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Turrisi, Andrew T. III MD

doi: 10.1097/
Department: Turrisi Takes on the Movies
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Directed and Written by Brad Bird; Voice Actors: Patton Oswalt (Remy, the chef who is a rat); Brad Garrett (Gusteau, the master chef); Ian Holm (Skinner, the chef who leads the restaurant on his death); Lou Romano (Linguini, the chef wannabe); Janeane Garofalo (Collette, the femme-fatale chef in training); Brian Dennehy (Django, the veteran journeyman chef); Peter O'Toole (Anton Ego, food critic extraordinaire)

Despite the fact that this is widely thought to be a kid's animation picture by Pixar, Ratatouille works on many and multiple layers—like a torte.

I will not gush about the marvels of animation—perhaps the movieland technical equivalent of the fancy treatment planning and IMRT or IGRT that I deal with in my daily routine in delivering radiotherapy—but I will applaud the marvelous writing by Brad Bird and the wonderfully versatile voice cast that bring a preposterous idea (a rat as a chef) to life without effort at willful suspension of disbelief over the entire 110 minutes of the film. In other words, you don't need a kid or a grandchild to see, rent, or buy the movie or DVD.

Remy (the rat voiced by Patton Oswalt) has the gift of a gourmet and preternatural abilities to blend and create flavors, truffles, and saffron, into extraordinary cuisine. As with most talents, having a gift carries the obligation to bring the potential to fruition: Hard for a rat to achieve in a world expecting him to devour garbage regardless of texture or taste; not to blend fine herbs and spices.

His rat family feels the same trepidation of humans when their child announced that he or she wants to be an actor or a major league baseball player—we want them to be happy, to be brilliant, to be successful, but the chances of that are remote regardless of desire, and the likelihood of disappointment and failure loom large.

There are thrilling, slapstick comedic starts with wild shotgun rounds, collapsing ceilings, and a water-flume ride out of Disney, Six-Flags, or Cedar Pointe, but there is a serious and heart-warming story wrapped in the eye-candy of animation and bright colors.

Gusteau (voiced by Brad Garret) floats first as a storied owner of a Tour D'Argent three-star restaurant. Like an overstuffed, jowly, and corpulent French Julia Child, who believes that “anyone can cook” or be a great chef if they try, Gusteau's egalitarian approach harkens the French motto “Liberte, Equalite, Franternite.”

He falls from stature and grace after scathing reviews of his restaurant's “ordinary food” and dilatory service by the surgical steel dismembering review of the too powerful Anton Ego (voiced by the great Peter O'Toole). The reviews are so scathing and disheartening that they cause the obese Gusteau's demise.

The famed Gusteau's establishment falls to the untrustworthy hand of the short-in-stature, pencil-thin mustached Skinner (voiced by Ian Holm). No doubt responding to “investors,” he plans to make Gusteau's profitable not by gustatory delights, but by pedestrian take-out franchising—Colonel Gusteau's fried chicken or Senor Gusteau's Mexican version of French-style tacqueria. Skinner hopes to “own” the restaurant and reap a huge reward, turning it away from its missions and traditions.



Linguini (voiced by Lou Romano) arrives as a deck-swabbing kitchen boy, no apparent threat to the kitchen establishment, each staff member carefully guarding their tenuous place in the post-Gusteau era. Linguini is as hapless as a wet noodle until he forges an alliance with Remy—cute dumb kid makes good with ingenious rat to fill in all of his blanks.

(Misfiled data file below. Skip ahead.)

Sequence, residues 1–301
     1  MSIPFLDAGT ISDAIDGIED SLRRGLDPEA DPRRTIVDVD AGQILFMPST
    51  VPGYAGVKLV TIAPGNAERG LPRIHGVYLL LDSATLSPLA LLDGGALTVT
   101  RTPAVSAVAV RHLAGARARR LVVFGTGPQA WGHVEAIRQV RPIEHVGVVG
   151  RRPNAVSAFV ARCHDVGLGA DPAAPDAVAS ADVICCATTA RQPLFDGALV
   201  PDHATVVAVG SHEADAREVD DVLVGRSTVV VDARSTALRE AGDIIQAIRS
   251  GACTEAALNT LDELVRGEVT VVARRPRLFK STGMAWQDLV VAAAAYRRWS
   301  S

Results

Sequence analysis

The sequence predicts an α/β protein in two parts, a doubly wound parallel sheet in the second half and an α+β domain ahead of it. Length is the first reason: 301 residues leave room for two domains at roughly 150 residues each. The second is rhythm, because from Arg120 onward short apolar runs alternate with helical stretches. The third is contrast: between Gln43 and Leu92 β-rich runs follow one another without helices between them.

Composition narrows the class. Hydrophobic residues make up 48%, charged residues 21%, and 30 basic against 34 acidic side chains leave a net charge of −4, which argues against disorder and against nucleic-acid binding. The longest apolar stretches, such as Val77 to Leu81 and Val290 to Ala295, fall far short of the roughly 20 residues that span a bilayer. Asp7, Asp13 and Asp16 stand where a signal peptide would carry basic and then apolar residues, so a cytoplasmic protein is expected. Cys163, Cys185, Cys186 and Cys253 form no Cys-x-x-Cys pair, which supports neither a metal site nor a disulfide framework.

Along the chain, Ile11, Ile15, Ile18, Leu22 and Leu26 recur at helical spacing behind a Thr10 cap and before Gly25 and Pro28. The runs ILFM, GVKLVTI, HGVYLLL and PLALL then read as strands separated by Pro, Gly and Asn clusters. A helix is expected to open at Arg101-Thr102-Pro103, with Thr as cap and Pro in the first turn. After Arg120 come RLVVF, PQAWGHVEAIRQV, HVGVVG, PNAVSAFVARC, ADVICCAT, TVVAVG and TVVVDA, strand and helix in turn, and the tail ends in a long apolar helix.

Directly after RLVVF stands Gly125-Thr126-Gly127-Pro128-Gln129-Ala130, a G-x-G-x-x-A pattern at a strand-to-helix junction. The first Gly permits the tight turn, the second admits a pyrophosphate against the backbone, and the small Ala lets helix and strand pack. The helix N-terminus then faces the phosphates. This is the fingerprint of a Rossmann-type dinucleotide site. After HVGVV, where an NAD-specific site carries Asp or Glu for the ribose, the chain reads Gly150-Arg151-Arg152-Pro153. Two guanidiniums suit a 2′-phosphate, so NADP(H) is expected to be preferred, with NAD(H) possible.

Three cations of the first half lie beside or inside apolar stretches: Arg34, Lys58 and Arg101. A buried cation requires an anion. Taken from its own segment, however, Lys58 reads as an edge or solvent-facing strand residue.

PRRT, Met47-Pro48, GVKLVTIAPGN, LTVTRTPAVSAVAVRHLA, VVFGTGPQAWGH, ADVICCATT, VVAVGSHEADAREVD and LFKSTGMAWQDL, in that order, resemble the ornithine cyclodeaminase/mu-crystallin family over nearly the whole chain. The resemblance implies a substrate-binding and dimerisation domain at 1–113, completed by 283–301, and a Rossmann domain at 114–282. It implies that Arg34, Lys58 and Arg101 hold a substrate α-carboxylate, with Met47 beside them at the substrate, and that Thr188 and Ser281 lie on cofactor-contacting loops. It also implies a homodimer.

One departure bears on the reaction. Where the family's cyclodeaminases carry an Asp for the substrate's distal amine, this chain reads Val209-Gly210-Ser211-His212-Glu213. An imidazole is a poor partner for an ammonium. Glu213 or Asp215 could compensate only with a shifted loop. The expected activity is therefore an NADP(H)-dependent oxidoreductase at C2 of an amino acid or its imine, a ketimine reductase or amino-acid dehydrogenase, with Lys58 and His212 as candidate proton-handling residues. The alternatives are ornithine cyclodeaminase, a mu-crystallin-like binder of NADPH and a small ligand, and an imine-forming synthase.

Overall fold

Linguini it turns out is Gusteau's true heir, and with a few uncomfortable moments, plans to deliver the fine old establishment back to his father's traditions, and fulfill his dad's epigram that anyone, even a rat, can be an extraordinary chef given quality ingredients, good taste, and an opportunity. Linguini's claim to Gusteau's legacy and the heart of Collette (voice of Janeane Garofalo) hinge on Remy and his own realization of his strengths and weaknesses.



I could not help but see our plight of the “health industry” paralleled in this child's fable about good rats and evil humans, worthy of the finest traditions of Roald Dahl's children's books.

Even he could make a mouse into a hero in Witches, but we are used to cute little mice like Mickey and today's Stuart Little. But a rat? It takes a Shakespearean turn of the tables (King Lear's Fool speaking wisdom; and Gloucester fails to see clearly until after his eyes are plucked out by Goneril's husband, the villain Duke of Cornwall) and for the rat to become the noble one, and the human craving for money, position, and greed cornering the market, and at the same time forgetting the mission, and even what impelled us to become physicians.

Have we seen this in our colleagues? Our cancer centers? Ourselves? This is heady stuff cooked up as child's fare, but there are parables to learn in this many layered plot that we may even see in our own ivory towers.

Ratatouille, the dish, is ordinary fare fit for the common folk. But done properly, the common folk and even a common rat can make it delectable, served of course with the proper wine, and an appetite whetted to appreciate something more than you expected. It even convinced Anton Ego.

If you have missed this delight when it was playing in the movies, borrow the DVD from a kid, watch it on a long distance plane, and prepare yourself to be delighted by something that can be enjoyed at any age on many levels. Ask yourself if you are an epicure, or working at a franchise, and remember what you once dreamed about. Are we mice (rats)?; or men?

© 2007 Lippincott Williams & Wilkins, Inc.
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